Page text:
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Events in Ukraine have taken an ominous course. One by one, cities and towns in the Donbass are being taken over by small groups of well-organized armed forces, which have occupied administrative headquarters and police stations. The interim government in Kiev utters protests and threats but thus far has largely failed to dislodge the intruders. The reports circulating on social networks suggest that they comprise both people from outside the region and within and that is a well-planned operation exploiting local forces to undermine the authorities in Kiev and disrupt the presidential election on May 25. The bloodiest confrontations have taken place in smaller towns in the region, such as Slovyansk, Kramatorsk and Horlivka. The Moscov Times. Read More
'We're the chosen generation," says Arseniy Yatsenyuk, Ukraine's interim prime minister. He's referring to all those who made this winter's European revolution. For the first time since 1654, when Ukrainian Cossacks formed a fateful alliance with Moscow against Polish rulers, Ukrainians are heading back West.Their timing is terrible. Two decades ago, when the Berlin Wall fell, the West embraced another generation of Eastern Europeans. Ukraine has gotten a different welcoming committee. An economically feeble European Union gorges on Russian energy and dirty money while lecturing Ukraine on Western values but refusing to defend it. Asking for Washington's help against Russian attack, Kiev finds a man "chosen" in the past two presidential elections to get America out of the world's trouble spots. The Wall Street Journal. Read More
Pro-Russian separatists occupying the regional government building in Ukraine's eastern city of Donetsk have vowed to take control of strategic infrastructure across the province they have declared an independent "people's republic". Defying an ultimatum from Kiev to surrender, about two dozen separatist leaders gathered for a meeting in a top-floor room of the 11-storey building they have held for eight days."Everything from city cleaning to the sewage system, the airport, railway stations, military ... should all be under your control," Vladimir Makovich, one of the leaders, told the group. The Guardian. Read More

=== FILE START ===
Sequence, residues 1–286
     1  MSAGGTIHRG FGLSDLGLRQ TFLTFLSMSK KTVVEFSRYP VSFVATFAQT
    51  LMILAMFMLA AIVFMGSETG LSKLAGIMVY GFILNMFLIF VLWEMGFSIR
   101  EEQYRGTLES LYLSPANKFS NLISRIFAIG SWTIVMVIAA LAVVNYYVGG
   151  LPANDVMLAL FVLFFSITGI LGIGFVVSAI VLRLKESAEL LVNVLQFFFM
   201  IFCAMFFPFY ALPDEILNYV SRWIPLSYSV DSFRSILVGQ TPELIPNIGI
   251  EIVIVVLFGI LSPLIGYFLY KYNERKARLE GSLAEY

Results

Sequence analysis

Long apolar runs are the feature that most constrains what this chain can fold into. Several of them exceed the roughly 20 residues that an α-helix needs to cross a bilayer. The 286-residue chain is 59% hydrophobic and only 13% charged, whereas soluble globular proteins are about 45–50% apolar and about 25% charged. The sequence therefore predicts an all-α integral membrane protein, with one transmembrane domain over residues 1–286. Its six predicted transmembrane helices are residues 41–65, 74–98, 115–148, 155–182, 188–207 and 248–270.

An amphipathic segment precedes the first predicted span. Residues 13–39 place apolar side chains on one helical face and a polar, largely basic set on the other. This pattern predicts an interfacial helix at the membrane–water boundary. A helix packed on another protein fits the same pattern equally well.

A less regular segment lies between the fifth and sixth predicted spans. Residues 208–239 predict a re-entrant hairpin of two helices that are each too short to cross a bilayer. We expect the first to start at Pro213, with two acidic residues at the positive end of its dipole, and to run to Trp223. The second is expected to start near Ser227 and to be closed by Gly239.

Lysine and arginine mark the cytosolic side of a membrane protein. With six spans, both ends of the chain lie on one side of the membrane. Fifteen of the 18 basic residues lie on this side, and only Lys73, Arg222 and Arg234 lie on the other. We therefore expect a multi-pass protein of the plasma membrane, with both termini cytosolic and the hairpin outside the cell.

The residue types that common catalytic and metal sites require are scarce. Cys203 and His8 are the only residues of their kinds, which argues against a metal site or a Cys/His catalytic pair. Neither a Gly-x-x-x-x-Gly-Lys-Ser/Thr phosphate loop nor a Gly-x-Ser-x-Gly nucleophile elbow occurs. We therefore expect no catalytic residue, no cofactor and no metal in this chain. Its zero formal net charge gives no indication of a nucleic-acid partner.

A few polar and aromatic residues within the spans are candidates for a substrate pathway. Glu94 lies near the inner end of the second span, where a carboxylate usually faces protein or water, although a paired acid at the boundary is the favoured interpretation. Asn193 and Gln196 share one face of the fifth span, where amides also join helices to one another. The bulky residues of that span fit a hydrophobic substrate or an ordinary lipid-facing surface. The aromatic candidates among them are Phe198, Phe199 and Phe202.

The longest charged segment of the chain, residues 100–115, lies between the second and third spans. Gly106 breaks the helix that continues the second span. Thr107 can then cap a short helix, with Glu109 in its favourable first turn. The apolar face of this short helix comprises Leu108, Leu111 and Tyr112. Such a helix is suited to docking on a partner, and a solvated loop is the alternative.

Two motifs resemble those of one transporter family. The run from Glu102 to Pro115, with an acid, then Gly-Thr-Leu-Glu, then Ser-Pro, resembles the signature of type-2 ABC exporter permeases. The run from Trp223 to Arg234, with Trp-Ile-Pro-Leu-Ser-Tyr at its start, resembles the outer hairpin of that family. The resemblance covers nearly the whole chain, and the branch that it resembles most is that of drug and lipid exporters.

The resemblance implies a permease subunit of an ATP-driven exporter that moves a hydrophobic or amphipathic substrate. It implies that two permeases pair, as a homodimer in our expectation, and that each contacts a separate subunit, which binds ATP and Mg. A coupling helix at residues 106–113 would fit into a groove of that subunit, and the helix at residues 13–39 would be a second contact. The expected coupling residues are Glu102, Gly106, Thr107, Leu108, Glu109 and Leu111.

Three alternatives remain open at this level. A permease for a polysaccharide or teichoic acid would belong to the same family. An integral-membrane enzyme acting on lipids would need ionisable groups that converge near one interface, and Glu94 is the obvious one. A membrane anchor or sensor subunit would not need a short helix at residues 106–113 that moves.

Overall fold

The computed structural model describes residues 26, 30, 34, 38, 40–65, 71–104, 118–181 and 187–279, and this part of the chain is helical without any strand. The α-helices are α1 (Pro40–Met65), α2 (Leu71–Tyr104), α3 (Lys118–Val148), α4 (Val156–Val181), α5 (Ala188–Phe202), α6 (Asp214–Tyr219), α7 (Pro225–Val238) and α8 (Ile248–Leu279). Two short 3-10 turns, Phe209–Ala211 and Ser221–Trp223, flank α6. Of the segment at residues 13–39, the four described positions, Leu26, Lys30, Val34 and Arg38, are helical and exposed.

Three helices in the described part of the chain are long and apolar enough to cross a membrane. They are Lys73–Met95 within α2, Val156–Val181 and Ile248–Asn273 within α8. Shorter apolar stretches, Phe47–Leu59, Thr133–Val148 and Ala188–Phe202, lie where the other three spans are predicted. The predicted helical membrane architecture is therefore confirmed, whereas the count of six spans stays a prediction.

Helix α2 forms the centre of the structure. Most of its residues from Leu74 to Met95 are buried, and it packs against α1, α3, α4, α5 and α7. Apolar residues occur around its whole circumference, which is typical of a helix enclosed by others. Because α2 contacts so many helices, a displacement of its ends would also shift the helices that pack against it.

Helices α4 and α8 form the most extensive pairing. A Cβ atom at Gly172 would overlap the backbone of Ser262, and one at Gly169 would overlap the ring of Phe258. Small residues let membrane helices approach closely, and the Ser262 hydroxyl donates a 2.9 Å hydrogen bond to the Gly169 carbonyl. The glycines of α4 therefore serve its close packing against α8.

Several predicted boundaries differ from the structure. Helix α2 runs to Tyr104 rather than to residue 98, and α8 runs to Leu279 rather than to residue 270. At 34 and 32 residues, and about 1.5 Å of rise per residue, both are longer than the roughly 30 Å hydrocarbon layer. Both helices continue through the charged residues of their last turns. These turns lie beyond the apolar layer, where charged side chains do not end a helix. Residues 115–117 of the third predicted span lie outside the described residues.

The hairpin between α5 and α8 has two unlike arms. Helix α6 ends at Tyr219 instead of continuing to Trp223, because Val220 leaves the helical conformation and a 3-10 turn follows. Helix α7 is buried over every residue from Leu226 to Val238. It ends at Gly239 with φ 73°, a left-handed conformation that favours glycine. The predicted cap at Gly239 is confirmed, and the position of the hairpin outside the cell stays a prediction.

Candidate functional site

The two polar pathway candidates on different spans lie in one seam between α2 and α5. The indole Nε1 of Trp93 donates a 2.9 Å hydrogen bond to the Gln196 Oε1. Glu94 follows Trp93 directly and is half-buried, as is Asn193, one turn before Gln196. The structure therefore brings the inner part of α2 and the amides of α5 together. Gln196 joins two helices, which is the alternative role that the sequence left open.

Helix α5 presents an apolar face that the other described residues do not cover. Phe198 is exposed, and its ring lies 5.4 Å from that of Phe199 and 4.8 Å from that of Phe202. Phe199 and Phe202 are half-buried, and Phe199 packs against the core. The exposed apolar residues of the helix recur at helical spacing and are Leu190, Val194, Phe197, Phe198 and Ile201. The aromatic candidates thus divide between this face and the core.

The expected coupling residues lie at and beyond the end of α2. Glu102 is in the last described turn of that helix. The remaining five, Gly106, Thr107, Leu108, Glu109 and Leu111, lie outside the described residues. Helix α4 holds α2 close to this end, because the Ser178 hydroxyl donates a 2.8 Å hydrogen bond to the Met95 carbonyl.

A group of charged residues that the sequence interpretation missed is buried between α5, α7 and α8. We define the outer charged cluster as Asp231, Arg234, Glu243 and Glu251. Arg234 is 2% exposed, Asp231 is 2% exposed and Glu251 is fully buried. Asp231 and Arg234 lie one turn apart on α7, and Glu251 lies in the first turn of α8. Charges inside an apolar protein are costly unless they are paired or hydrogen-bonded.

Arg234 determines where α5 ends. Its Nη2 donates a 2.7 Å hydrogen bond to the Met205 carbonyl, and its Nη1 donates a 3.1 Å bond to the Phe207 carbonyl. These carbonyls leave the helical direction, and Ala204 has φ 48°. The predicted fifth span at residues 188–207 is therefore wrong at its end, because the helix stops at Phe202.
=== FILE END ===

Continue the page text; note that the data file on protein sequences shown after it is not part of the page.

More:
It would seem he has no time to lose. Large parts of eastern Ukraine are slipping out of Kiev's control. More and more police stations and government buildings have been falling to the protesters and unidentified militants. Donetsk, Luhansk, Sloviansk, Kramatorsk, Druzhkivka - these are the cities or towns where the activists have established themselves, with reports of building takeovers in Mariupol and Yenakiyevo. Ukraine's state security head, Valentyn Nalyvaichenko, was categorical: "We don't have much time left. Tonight and tomorrow will be crucial." BBC News. Read More
The OSCE Special Monitoring Mission (SMM) assessed the security situation in the eastern Ukrainian cities of Kharkiv, Luhansk, Donetsk and the town of Sloviansk as tense and evolving, based on its observations on Sunday, 13 April 2014. As the monitors moved about the cities to gather information, they were able to listen to the concerns of the local population, often initially mistrustful, and explain to them the OSCE role and its broad participation of states including Russia and Ukraine. OSCE. Read More
The Crisis in Ukraine: Its Legal Dimensions
The political, military, economic, and social crisis in Ukraine is severe. Involving Ukraine, Russia, the European Union, the United States, and the rest of the international community, the crisis touches on many complex domestic and international legal issues. NYU law students and a recent NYU graduate researched and drafted this Report for Razom, a Ukrainian-American human rights organization. The Report attempts to provide relevant background and a legal context for the current situation. The authors hope it will assist the media, governments, international organizations, non-governmental organizations, businesses, academia, and individuals to understand what has happened, why it has happened, and what might happen next.
Read the Entire Report